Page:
Is Investing in Index Funds Really the Way to Go?

Jeremy Biberdorf  |

Written by Jeremy Biberdorf

There has been much talk recently about the trend towards choosing index funds as opposed to investing in individual stocks. No doubt some of this preference is due to the current volatility of the stock market. It's certainly true that there has been a marked increased in this investment behavior.

However, this trend has not just been restricted to recent months. It's been happening since the global financial crisis took it's toll. In 2017, 35% of total fund assets in the US were index funds. This is 20% higher than was the case 10 years earlier. Given the way the stock markets were affected back in 2008, it's perhaps understandable that when investors are considering the stock market pros and cons they are attracted to the less risky option of index funds.

Why are index funds so appealing?

When the global financial crisis hit, in 2008, many investors suffered heavy losses. As the world of finance started to recover, it seemed logical to many to spread the risk over several different stocks, rather than place everything into one. The same logic applies in today's volatile markets.

Another benefit of index funds, in the choice between individual stocks or index funds, is that in-depth research and due diligence are not required. Investors place their cash into a range of stocks that is created to mimic the markets, so checking the reliability, and predicting the performance, of an individual company is not necessary.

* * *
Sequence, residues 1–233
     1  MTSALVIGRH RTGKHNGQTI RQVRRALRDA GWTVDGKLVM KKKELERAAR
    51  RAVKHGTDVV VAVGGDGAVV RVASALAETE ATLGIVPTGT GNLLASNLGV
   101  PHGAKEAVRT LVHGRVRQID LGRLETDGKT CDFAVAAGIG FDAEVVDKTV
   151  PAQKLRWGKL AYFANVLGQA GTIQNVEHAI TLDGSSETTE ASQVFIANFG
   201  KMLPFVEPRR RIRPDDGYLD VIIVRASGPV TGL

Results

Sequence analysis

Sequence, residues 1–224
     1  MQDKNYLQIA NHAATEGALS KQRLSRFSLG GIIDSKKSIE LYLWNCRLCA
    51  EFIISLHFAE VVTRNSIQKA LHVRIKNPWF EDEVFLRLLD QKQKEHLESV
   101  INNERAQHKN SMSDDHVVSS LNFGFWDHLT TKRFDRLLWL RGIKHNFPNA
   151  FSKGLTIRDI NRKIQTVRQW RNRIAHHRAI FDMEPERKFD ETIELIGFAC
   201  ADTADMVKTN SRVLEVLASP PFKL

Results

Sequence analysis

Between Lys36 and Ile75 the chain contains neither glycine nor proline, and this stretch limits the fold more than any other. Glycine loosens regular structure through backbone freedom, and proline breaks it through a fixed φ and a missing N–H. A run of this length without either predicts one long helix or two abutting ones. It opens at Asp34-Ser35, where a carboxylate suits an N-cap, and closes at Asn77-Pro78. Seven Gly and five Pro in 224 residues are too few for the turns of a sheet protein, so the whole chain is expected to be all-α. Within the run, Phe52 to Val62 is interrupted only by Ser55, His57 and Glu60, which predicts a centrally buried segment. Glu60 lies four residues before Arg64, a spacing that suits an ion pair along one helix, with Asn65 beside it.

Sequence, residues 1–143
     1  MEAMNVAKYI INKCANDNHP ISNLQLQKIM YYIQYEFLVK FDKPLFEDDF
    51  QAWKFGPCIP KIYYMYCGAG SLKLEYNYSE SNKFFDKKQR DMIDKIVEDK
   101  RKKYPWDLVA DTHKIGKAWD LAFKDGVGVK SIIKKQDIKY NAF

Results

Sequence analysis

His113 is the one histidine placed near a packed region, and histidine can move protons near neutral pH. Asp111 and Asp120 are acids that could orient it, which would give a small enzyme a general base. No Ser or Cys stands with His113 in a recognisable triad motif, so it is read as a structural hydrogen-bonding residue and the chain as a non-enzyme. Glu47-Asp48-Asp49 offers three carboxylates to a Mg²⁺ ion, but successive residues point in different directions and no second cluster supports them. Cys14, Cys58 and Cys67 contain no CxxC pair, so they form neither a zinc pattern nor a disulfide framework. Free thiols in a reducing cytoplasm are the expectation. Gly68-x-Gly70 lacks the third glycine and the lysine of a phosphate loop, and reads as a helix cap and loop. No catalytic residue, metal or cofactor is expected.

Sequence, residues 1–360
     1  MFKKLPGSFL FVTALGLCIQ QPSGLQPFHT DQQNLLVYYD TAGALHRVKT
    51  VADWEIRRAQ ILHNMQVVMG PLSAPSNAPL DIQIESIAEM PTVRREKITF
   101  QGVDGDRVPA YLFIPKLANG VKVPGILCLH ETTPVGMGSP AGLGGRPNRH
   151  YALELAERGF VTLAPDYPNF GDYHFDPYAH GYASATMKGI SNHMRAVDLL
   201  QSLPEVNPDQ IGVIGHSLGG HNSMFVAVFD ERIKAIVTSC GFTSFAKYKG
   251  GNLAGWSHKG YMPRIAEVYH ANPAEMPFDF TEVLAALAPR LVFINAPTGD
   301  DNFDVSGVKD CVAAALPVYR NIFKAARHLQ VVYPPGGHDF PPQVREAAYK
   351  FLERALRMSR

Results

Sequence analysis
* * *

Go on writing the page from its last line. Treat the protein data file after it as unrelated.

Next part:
Is this really the best option?

The age old question of stocks vs index funds will continue to be asked. The answer to which is best depends on the individual investor and their requirements. While it's true that many people seem to be choosing index funds as the best option, this may not be the case for everyone.

Investors who are seeking a regular dividend may not be best served by an index fund. Many stocks do not provide a dividend option, so it follows that in the selection of stocks provided by an index fund, dividends would not be optimised. A better choice may be to select specific stocks that provide a decent dividend.

Individual stocks can also produce better returns as they are not hampered by falls in other stocks in the way that high performing stocks in an index fund are. In other words, if a stock in an index fund preforms well, overall profits are reduced if other stocks in the fund fall. By investing in a single stock potential profits are optimised, but risks are also increased.

There is no one size fits all best option when it comes to investing. Index funds help investors manage risk but higher potential profits, and dividends, come from investing in single stocks. It could be that the best option is to invest in an index fund and choose a separate stock to invest in as well. Of couse, this is only a good idea for an investor who is willing to do the research and due dilligence required for single stock investing. Otherwise, an index fund may be the best way to go.

Stock price data is provided by IEX Cloud on a 15-minute delayed basis. Chart price data is provided by TradingView on a 15-minute delayed basis.


The views and opinions expressed in this article are those of the authors, and do not necessarily represent the views of Readers should not consider statements made by the author as formal recommendations and should consult their financial advisor before making any investment decisions. To read our full disclosure, please go to:

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